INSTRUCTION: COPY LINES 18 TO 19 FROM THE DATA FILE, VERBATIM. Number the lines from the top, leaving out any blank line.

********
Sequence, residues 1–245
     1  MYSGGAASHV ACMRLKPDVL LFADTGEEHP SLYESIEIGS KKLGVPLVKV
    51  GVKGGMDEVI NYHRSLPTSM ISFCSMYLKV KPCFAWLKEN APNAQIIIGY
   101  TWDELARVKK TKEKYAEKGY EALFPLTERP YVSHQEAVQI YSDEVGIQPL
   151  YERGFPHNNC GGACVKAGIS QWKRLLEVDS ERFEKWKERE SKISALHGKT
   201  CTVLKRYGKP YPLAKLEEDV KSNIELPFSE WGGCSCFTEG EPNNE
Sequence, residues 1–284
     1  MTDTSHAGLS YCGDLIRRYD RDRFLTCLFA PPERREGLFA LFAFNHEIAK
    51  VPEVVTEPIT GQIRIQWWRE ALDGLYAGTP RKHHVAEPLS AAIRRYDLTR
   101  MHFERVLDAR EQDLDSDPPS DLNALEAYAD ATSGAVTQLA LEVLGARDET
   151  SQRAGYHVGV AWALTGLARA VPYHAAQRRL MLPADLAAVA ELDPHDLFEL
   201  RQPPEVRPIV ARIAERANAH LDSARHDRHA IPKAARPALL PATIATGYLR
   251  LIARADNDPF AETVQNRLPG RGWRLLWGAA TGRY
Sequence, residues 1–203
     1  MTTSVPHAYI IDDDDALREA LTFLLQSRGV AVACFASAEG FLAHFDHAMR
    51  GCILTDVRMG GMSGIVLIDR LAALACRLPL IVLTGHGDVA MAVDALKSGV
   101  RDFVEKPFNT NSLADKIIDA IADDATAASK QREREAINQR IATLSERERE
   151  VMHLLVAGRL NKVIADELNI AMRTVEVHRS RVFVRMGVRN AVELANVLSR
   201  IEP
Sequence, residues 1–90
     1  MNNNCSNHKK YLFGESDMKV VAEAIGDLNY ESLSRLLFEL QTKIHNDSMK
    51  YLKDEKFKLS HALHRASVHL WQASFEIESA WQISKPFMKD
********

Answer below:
   151  VMHLLVAGRL NKVIADELNI AMRTVEVHRS RVFVRMGVRN AVELANVLSR
   201  IEP